De Colores: Las Vigas Veracruz and Amatitlan

Quartz var. amethyst, Piedra Parada, Las Vi-gas, Veracruz, Mexico 18 x 14 cm. Arkenstone Specimen. (Image courtesy Joe Budd)

Editor’s Note: This is one of 10 Mexican locales recognized for mineral production. View the rest of the list as part of an article by Peter Megaw>>>

These two districts lie on opposite sides of southern Mexico but deserve treatment together because their geology is similar and each produces superb, but distinctive, amethyst quartz in quantity. Las Vigas remains in active production, while Amatitlan is currently dormant (Lieber and Frenzel, 2003; Ontiveros, et al., 2004). Both are skarn deposits developed in limestone around the margins of otherwise barren intrusions. Silica-rich fluids expelled from the cooling intrusions invaded the limestone, converting it to grossular-andradite garnet and leaving holes for large quartz crystals to grow in. The fluids were iron-rich, so the quartz is purple amethyst. The similarities end there; the amethyst from these two deposits are distinctively different and instantly recognizable.

Las Vigas amethyst tends to form simple elongate lustrous prismatic crystals with simple sharp rhombohedral terminations. These often form spray-like groups with multiple crystals splaying outwards from a common base; a high percentage come free from their matrix, so free-standing groups or singles are common. Hopper growth is common as are fluid inclusions with moving bubbles (enhydros). Doubly terminated crystals are also common; Japan-Law twins are rare but exceptionally beautiful. When matrix is present it tends to be bleached-looking silicified limestone, commonly spotted with tiny green grossular garnets or epidote.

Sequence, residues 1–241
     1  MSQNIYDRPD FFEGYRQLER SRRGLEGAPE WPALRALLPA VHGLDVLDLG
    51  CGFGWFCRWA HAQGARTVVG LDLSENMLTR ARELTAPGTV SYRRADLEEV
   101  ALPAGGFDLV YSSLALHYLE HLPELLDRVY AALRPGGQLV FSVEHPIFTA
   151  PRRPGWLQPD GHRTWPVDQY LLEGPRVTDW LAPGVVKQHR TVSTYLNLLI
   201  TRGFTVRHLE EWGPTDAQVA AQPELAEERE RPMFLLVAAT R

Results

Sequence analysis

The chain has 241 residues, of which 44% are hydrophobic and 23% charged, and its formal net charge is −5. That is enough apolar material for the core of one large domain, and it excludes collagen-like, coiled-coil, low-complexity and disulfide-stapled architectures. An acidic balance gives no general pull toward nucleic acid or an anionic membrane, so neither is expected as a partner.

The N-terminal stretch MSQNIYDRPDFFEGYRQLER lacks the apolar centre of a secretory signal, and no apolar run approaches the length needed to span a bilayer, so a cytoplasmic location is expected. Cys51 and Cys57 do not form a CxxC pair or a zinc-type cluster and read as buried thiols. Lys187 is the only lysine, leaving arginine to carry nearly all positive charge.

Quartz amethyst from Amatitlan
Quartz, var. amethyst, Amatitlan, Guerrero, Mexico 24 x 15 cm. Arkenstone Specimen. (Image courtesy Joe Budd)

Recently, a number of very attractive specimens featuring a matrix of grayish-brown scalenohedral calcites to 6 cm sprinkled with 3-8 cm doubly-terminated amethysts have emerged. Overall, amethyst color varies from pocket to pocket and runs the gamut from pale lilac to royal purple, with the color being most intense towards the terminations. Recently, color intensity seems inversely proportional to crystal size: larger crystals having weaker color. T’was not always so: historically, groups of 6-8 cm crystals with deep purple color were recovered. Today this color quality is only seen in sub-centimeter size crystals.

Amatitlan amethyst is immediately distinguishable from Las Vigas specimens. The crystals tend to be bigger than Las Vigas, commonly reaching 10 to 20 cm in length and are more robust. They almost always have a distinct bulge in their middle with the zone between the base and the bulge often composed of a bundle of individual closely intergrown crystals. Small “parasitic” crystal offshoots from the base are common.

The crystals become simpler prisms past the bulge as they taper towards a sharp rhombohedral termination that tends to look more elongate than those from Las Vigas. Amatitlan amethysts show much darker and more saturated purples than Las Vigas, often being a rich grape gum-ball purple. Their zoning tends to be less pronounced, but there are famous pockets that featured a white outer layer covering a core of deep purple. Amatitlan are often very gemmy, especially towards their terminations, and historically the bulk of the production went for cutting gemstones.


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